Government » Features »

  • Who wins the net neutrality debate? Google, of course

    In the debate over net neutrality, AT&T and Cisco are warning that fiber optic cable rollouts could be delayed -- and revenues lost -- if President Obama's recently proposed rules move ahead.

  • 3D printing makes its move into production

    The use of 3D printing for finished goods is about to disrupt manufacturing and supply chains in a big way. Here's why, and here's how IT will be critical to that transition.

  • Obama has big options for green card, H-1B reform without Congress

    With Congress refusing to move on immigration reform, President Barack Obama has options that could have broad impacts on immigration generally, and on the H-1B and green card visa systems in particular.

  • Is EU's 'right to be forgotten' really the 'right to edit the truth'?

    With Europe's top court ordering Google to allow people to basically edit their online personal histories, some wonder what this will mean for finding the truth online.

  • U.S. commercial drone industry struggles to take off

    The U.S. commercial drone industry is still struggling to get off the ground more than two years after President Obama signed into law a bill that permits the civilian use of unmanned aerial vehicles (UAV) over the country's airspace.

  • Broadband faces a fork in the road

    As Google and AT&T race to provide super-fast 1 gigabit fiber networks to power users, more than a quarter of U.S. homes still have no broadband service at all.

  • Microsoft scrambles to simplify its licensing

    Microsoft is pledging dramatic improvements to its notoriously complex enterprise licensing, but experts are skeptical about the potential impact of the plan.

  • US court strikes down net neutrality: What's next?

    The U.S. Federal Communications Commission and its allies have several options, with most of them difficult, after a U.S. appeals court struck down most of the agency's 2010 net neutrality rules.

  • Thanks to the NSA, quantum computing may some day be in the cloud

    The NSA is spending some $80 million in basic research on quantum computing, money that may ultimately help commercialize quantum computing for the private sector.

  • Debate over NSA surveillance shifts with judge's ruling, task force report

    After six months of contentious debate over U.S. National Security Agency surveillance programs, prompted by leaks from former government contractor Edward Snowden, the third week in December may have marked a major turning point.

  • Voice calls from planes: A social debate, not a technology dilemma

    Making voice calls via cell phone aboard a plane doesn't hold much interest for U.S. airline passengers or airlines, but there isn't a technological reason to ban them, according to federal authorities.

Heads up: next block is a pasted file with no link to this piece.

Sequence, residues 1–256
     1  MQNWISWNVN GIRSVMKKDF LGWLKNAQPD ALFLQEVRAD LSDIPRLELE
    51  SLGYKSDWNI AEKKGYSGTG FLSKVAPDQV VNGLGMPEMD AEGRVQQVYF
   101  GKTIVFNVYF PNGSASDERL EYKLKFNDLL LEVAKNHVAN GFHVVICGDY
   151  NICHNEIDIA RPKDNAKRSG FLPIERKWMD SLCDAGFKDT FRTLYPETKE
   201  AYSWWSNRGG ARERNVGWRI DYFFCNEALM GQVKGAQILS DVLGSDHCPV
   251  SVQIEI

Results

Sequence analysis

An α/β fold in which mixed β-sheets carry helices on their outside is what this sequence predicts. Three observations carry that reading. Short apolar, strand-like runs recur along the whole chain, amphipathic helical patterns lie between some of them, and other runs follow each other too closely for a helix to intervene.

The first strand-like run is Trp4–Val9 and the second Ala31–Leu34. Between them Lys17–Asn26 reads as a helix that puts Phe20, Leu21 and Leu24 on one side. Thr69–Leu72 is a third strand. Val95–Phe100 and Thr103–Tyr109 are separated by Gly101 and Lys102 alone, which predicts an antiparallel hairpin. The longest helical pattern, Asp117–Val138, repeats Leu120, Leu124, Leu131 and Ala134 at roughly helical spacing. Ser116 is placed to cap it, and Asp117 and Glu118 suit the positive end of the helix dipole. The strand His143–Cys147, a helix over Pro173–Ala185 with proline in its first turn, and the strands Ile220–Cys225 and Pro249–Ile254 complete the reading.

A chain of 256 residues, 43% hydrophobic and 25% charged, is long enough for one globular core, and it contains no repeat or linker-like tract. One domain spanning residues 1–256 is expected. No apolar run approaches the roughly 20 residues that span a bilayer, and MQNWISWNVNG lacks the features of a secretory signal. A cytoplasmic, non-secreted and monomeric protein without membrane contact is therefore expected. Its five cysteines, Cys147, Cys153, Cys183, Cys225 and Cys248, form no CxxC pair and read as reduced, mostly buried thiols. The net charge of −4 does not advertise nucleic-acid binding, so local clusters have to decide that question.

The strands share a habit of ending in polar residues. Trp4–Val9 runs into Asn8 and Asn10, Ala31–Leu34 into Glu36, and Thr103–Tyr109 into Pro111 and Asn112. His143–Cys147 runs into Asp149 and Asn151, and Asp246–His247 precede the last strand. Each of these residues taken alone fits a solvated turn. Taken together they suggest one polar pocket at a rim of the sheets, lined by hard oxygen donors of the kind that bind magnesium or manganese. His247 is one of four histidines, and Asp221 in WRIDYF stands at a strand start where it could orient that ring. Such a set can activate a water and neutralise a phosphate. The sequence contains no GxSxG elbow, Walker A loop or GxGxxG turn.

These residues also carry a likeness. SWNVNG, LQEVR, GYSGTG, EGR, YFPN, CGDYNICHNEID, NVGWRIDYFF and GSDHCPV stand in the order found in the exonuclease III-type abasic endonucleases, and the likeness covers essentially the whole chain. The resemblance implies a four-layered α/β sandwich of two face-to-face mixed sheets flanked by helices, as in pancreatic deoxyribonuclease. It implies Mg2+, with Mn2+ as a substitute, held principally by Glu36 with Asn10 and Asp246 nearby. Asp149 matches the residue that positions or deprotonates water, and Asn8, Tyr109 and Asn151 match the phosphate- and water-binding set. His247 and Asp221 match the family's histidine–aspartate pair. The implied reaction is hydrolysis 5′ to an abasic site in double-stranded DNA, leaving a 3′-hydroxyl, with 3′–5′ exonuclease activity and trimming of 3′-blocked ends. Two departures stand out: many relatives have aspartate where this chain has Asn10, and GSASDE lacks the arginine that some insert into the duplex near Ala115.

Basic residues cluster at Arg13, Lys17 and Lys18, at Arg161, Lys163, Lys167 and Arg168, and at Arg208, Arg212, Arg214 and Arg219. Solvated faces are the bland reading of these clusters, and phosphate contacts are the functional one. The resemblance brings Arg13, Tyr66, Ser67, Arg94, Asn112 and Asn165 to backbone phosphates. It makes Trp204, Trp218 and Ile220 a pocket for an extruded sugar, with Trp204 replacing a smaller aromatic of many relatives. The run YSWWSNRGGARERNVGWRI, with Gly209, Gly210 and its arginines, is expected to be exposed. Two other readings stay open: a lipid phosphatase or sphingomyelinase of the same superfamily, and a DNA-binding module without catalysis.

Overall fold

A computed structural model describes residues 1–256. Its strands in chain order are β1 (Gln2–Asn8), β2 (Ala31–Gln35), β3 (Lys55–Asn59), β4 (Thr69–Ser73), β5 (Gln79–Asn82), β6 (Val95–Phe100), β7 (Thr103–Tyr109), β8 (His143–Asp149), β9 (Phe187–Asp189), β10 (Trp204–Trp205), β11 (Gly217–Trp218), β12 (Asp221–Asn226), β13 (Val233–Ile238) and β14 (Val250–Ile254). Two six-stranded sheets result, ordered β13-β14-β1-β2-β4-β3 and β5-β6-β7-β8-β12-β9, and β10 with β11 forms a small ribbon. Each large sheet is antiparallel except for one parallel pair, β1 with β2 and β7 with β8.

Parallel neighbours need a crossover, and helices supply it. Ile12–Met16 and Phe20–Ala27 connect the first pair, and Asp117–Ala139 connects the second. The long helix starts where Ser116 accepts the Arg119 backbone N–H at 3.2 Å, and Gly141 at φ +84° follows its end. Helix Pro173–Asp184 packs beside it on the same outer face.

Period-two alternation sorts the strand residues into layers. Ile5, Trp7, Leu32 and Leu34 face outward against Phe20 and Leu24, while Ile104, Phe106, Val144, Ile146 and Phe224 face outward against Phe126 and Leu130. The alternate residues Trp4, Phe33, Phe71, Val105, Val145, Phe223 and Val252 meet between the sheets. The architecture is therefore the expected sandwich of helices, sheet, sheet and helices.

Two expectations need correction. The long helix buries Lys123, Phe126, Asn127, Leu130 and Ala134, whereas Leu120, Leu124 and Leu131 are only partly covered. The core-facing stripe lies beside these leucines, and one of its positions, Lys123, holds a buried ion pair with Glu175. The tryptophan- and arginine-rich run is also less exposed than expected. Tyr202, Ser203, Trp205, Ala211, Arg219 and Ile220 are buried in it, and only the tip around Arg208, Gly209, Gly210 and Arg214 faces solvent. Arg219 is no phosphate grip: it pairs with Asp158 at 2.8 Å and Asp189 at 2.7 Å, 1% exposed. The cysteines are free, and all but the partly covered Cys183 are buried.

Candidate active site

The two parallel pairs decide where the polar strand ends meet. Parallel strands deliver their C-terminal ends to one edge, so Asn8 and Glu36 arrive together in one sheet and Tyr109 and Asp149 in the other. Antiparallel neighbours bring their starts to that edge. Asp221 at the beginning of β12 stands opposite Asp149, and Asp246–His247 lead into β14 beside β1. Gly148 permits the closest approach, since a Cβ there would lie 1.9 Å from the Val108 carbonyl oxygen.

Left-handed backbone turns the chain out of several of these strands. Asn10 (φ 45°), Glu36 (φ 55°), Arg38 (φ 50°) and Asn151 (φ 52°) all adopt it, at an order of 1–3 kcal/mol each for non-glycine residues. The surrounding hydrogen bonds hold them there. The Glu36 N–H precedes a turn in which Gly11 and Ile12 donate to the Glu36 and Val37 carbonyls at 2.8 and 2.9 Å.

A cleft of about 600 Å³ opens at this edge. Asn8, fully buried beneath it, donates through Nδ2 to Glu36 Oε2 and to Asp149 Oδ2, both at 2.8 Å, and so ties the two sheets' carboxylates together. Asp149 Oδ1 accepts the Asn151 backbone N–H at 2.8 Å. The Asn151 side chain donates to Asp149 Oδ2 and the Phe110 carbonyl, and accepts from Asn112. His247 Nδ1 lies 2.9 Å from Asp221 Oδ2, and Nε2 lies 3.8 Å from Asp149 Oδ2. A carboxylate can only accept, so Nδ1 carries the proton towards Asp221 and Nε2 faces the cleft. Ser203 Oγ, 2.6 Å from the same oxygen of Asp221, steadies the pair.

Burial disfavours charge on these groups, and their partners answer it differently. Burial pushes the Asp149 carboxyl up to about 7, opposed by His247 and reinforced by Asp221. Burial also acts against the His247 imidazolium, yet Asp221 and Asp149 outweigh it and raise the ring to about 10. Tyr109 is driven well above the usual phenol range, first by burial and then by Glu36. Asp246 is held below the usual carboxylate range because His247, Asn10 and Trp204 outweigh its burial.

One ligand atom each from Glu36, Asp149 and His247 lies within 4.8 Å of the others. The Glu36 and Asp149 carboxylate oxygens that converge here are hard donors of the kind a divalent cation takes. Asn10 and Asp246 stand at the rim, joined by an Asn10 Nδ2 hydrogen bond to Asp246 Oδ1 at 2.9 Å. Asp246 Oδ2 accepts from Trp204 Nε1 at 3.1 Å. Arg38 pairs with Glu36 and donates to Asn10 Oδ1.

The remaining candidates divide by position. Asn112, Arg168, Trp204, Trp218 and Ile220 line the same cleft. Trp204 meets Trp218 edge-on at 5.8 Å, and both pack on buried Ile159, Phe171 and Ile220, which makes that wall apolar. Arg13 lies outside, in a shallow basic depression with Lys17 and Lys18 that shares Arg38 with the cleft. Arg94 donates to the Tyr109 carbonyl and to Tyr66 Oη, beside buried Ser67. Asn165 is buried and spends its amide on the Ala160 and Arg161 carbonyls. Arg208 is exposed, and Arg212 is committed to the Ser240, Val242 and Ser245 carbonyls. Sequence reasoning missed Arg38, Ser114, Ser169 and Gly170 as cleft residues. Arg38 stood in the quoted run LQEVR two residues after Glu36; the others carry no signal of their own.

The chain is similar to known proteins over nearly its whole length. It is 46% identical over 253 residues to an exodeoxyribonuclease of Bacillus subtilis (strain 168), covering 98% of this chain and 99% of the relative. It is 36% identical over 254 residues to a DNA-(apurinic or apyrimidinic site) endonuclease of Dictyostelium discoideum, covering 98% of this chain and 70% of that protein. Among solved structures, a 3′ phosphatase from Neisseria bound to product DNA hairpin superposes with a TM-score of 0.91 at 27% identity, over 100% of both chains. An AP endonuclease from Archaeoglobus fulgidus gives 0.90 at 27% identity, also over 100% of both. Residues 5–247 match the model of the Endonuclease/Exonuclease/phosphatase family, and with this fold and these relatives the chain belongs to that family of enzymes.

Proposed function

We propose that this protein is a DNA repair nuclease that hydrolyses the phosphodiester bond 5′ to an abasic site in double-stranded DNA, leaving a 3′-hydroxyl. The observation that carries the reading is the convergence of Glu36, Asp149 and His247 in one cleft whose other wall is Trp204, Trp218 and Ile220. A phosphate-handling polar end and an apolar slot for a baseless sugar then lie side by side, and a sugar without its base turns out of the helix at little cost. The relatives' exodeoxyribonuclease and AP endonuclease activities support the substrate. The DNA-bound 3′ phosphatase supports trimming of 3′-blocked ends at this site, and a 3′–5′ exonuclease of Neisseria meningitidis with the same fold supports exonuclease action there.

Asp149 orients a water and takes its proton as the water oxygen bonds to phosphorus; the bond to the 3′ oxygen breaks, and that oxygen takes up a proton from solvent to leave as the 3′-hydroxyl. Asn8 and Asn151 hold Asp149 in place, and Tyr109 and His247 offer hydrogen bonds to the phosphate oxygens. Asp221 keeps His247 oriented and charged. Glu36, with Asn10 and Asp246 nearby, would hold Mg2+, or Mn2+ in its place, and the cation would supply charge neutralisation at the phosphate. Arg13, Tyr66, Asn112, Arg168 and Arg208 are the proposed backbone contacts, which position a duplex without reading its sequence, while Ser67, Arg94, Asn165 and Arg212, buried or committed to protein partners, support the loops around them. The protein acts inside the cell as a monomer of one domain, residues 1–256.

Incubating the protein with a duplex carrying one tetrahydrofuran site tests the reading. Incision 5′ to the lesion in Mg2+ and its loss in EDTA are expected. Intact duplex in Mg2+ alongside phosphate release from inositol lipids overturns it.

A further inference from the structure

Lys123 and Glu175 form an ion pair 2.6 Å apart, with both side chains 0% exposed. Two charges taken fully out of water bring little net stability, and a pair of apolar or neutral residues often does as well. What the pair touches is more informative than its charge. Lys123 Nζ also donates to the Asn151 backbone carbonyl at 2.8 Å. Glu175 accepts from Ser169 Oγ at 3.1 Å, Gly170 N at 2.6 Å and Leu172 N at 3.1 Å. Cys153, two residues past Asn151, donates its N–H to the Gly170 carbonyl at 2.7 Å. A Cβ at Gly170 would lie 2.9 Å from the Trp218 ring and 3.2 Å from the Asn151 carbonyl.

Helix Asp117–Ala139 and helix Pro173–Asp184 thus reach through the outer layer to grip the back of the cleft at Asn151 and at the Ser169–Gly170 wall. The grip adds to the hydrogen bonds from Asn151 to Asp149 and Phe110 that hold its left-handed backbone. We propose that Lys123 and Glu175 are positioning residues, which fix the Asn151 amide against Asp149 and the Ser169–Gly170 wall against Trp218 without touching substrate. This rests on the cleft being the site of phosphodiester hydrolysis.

• Cell phones on planes may be heading for the US, but will anyone use them?

    In-flight cellular in the U.S. may be closer to reality than some consumers realize, with foreign airlines poised to extend services they already offer elsewhere. But evidence from overseas suggests the odds of being trapped next to a chronic caller are slim.

  • Top tech stories of 2013: Big Brother, wearables, and the struggles of aging tech giants

    Politics collided with the world of technology this year as stories about U.S. government spying stirred angst both among the country's citizens and foreign governments, and the flawed HeathCare.gov site got American health-care reform off to a rocky start. Meanwhile, the post-PC era put aging tech giants under pressure to reinvent themselves. Here in no particular order are IDG News Service's picks for the top 10 tech stories of the year.

  • Perspective: Privacy concerns could keep Amazon delivery drones grounded

    Amazon's nascent plan to use unmanned drones to deliver packages to customers has already raised strong privacy concerns that could ultimately nip it in the bud.

  • The latest move to kill bad patents divides tech industry

    Technology users -- retailers, in particular -- are being snared in patent infringement lawsuits, prompting Congress to eye reforms that could change how lawsuits are filed and who pays if they're frivolous.

  • FCC's in-flight cellphone plan carries a lot of baggage

    Anyone who dreads hearing one end of a loud phone call all the way from Anchorage to Miami, take heart: The plan to allow cellphones on planes could fail in more ways than an overbooked flight at a snowbound airport on Christmas Eve.

  • Perspective: Curbing data use is key to reining in NSA

    Any effort to rein in the National Security Agency after its widespread spy activities were revealed in leaked documents must focus on more than simply limiting what personal data can be collected.

  • HealthCare.gov's problems: What we know so far

    More than a month after it went live, a couple of large questions remain about the U.S. Department of Health and Human Services' botched launch of HealthCare.gov.

  • What's Wrong With Healthcare.gov's Price Estimator

    In the early days of Healthcare.gov, I praised the Centers for Medicare and Medicaid Services for publishing a dataset with sample rates for every health plan participating in the federal health insurance marketplace.

  • New Dell won't abandon the PC

    Dell officials vow that the company will continue making acquisitions and will remain committed to its struggling PC business once its $24.9 billion deal to go private is complete.

CIO
ARN
Techworld
CMO